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Oscilloscope for verifying pixel clock rate?

Discussion in 'Handy Tools & Equipment' started by BradsXmasLights, Apr 17, 2013.

  1. BradsXmasLights

    BradsXmasLights WiFi Interactive

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    After the hassles I've had in the past with finding the correct clock rates for my pixels, I've been thinking maybe an getting an Oscilloscope would come in handy for verifying signal actual integrity.

    At the moment I know flickering at low brightness means the clock is too slow; and high brightness flicking means it's too fast. But getting the sweet spot has been a bit of guess work + trial & error. This has me thinking that maybe with the assistance of a scope I'll be able to get a faster idea of the correct clock by visually seeing how the data waveform is.

    Am I correct in assuming this?

    If so, what scope should I get? I am deciding between these two...EEVblog #451 - Rigol DS1052E vs DS2072 Oscilloscope
     
  2. fasteddy

    fasteddy I have C.L.A.P Global Moderator Generous Elf

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    Im wondering why your finding it so hard to get a stable signal to warrant buying a scope.

    What pixels are you using and what is the distance of the run, and how are you injecting your power


    Flickering of lights can mean ground loop issues so i would be looking at that first.

    But if its 2811 you are using they should happily run with +/- 250 variation in most cases.
     
  3. OP
    OP
    BradsXmasLights

    BradsXmasLights WiFi Interactive

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    Mostly 2811, but some legacy 6803 too. Distances vary, and I also use the J1SYS extenders.

    I guess, I'm hoping a scope will tell me that the signal is OK at pixel 1 before any possible other issues like string voltage drop are introduced down the track.
     
  4. fasteddy

    fasteddy I have C.L.A.P Global Moderator Generous Elf

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    I think your looking for an excuse to buy yourself a new toy :D

    All i can say is the higher the frequency/sampling rate the better
     
  5. anon

    anon Apprentice Elf

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    Sounds like you need a Fluke ;)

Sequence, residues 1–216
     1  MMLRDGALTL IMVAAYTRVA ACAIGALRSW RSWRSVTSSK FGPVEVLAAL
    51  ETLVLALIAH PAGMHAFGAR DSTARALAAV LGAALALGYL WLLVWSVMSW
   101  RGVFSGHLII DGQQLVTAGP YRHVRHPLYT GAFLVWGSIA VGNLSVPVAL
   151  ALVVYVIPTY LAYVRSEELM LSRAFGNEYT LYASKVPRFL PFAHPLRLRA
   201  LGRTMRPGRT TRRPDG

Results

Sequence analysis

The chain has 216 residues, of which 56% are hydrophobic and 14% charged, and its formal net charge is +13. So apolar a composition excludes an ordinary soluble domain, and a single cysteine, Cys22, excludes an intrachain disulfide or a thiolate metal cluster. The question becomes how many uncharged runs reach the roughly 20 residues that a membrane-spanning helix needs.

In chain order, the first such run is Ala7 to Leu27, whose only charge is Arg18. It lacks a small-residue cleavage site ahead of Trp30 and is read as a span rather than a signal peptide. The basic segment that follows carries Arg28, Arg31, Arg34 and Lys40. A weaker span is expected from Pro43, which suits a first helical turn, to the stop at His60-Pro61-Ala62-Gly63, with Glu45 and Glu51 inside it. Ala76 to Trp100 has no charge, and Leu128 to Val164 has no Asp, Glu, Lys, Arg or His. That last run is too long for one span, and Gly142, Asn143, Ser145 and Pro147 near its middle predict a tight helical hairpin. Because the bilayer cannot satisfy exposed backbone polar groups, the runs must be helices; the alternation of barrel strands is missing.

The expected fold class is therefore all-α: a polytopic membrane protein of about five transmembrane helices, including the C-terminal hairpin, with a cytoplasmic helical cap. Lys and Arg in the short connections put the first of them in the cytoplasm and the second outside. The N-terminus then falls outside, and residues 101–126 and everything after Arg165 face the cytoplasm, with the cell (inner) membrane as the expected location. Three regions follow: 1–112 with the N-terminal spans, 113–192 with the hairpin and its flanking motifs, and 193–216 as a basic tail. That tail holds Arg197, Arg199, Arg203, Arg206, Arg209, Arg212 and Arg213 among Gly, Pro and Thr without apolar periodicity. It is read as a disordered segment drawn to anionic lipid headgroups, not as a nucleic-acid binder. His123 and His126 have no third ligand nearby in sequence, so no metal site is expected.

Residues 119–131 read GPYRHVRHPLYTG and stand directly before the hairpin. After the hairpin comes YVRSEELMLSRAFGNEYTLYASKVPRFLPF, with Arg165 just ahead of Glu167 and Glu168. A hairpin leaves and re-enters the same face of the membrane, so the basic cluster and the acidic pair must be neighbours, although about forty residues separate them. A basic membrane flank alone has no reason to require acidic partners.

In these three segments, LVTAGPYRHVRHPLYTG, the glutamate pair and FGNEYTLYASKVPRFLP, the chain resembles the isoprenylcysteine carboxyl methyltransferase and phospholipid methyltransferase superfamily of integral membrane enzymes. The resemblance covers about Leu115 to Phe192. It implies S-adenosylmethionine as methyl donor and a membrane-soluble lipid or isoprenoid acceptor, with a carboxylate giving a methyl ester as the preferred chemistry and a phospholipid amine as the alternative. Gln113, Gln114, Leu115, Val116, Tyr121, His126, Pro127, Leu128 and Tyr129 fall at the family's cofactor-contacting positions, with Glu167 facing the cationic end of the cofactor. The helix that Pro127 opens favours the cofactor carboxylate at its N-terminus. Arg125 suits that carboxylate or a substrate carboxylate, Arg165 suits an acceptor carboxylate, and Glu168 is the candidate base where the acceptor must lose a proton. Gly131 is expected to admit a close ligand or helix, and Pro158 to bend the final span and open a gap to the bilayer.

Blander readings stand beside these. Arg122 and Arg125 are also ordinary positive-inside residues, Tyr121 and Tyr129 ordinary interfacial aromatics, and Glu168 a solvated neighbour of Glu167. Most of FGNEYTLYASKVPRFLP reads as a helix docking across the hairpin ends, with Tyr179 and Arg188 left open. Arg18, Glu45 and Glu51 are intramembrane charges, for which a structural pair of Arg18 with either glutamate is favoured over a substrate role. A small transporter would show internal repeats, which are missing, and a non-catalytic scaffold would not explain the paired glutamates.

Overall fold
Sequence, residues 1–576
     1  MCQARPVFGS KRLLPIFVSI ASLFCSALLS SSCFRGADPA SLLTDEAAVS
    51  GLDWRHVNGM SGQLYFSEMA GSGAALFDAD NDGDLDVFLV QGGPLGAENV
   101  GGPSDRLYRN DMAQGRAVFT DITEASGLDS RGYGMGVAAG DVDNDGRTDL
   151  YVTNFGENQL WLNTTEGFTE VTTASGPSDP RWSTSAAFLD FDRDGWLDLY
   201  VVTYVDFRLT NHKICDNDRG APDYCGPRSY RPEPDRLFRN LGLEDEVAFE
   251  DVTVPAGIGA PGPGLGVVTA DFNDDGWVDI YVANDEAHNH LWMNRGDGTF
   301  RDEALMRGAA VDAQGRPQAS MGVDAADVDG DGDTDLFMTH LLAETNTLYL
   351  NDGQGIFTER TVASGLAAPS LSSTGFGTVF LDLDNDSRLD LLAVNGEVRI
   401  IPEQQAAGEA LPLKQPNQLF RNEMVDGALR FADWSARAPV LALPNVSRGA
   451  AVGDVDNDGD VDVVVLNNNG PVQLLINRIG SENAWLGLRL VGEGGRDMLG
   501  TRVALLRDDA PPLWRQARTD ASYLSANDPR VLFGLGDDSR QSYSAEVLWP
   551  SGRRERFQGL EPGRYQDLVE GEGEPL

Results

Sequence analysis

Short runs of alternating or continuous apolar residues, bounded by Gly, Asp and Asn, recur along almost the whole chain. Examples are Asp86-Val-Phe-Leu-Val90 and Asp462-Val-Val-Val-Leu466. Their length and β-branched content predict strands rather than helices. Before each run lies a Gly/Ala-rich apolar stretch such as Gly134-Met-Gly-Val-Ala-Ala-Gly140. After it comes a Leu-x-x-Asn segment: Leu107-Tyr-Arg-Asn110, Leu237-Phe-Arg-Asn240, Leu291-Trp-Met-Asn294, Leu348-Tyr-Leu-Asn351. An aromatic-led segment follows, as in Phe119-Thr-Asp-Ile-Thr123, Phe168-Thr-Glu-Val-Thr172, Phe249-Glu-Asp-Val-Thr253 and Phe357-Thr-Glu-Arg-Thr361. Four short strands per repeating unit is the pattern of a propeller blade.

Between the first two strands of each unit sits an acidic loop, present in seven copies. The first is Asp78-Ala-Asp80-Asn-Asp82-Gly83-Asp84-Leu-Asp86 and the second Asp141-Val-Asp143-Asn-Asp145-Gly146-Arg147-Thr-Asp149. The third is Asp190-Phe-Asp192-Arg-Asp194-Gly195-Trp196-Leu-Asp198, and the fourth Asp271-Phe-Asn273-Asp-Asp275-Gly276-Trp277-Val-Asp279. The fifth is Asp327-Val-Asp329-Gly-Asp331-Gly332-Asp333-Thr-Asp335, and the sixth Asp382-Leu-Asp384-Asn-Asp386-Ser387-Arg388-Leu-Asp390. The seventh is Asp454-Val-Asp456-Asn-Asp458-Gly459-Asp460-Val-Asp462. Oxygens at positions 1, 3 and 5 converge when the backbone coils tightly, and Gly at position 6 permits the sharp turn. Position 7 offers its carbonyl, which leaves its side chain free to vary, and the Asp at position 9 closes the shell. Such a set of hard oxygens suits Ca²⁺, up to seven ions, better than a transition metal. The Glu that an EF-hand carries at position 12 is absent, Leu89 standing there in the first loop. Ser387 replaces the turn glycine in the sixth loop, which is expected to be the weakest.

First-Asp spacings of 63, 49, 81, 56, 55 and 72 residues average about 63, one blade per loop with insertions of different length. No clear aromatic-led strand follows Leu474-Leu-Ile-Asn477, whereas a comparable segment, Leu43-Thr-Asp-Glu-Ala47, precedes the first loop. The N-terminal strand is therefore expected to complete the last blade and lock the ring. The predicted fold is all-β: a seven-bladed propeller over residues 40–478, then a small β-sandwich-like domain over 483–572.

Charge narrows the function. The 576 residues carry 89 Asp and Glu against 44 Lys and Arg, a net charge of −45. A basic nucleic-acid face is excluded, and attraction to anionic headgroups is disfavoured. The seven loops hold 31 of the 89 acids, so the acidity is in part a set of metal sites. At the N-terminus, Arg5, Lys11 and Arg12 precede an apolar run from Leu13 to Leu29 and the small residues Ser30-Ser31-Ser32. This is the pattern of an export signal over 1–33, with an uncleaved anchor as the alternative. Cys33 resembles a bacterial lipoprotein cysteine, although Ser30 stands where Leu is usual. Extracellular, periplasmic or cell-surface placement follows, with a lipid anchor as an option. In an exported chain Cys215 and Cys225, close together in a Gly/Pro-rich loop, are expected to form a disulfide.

I think smartalec has this:


    http://www.ebay.com.au/itm/Mini-Storage-Digital-Oscilloscope-Handheld-Scope-ARM-DSO203-Nano-Portable-Kit-/130885392451?pt=AU_B_I_Electrical_Test_Equipment&hash=item1e79609843&_uhb=1


    Nice and portable too so you can trouble shoot when everything is setup. It won't set records with 72MHz sampling, but should do.


    Check your multimeter to see if it has a frequency function too, while it's not as confidence inspiring with only giving a number, it should work at a pinch.
     
  6. OP
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    BradsXmasLights

    BradsXmasLights WiFi Interactive

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    haha how did you guess Eddy that I'm going to buy a scope either way :D

    That pocket scope looks alight on paper but this guy doesn't sound too crash hot according to this review...
    Scope review. DSO 201 nano & DSO203 Quad
     
  7. anon

    anon Apprentice Elf

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    It's not going to be great for the price, but at the price point it's pretty good. It's 72MHz sampling so not surprising it will only be good up to 2MHz for a detailed waveform. But it depends on an the application, if you want to see detailed wave forms and noise that it needs to be a lot better, but if you just need to see frequency then it you just need to see a bump :)
     
  8. smartalec

    smartalec Im a SmartAlec what can i say! Community Project Designer

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    I wish i had that.. thats a sweet toy

     
  9. anon

    anon Apprentice Elf

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    Oh, though I remember you talking about this in the chat once, perhaps it was someone else :)
     
  10. mangoat

    mangoat Full Time Elf

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    i have a tpi440 scope i use for tuning audio systems :) its a scope, digital multimeter, all the good stuff :)
     

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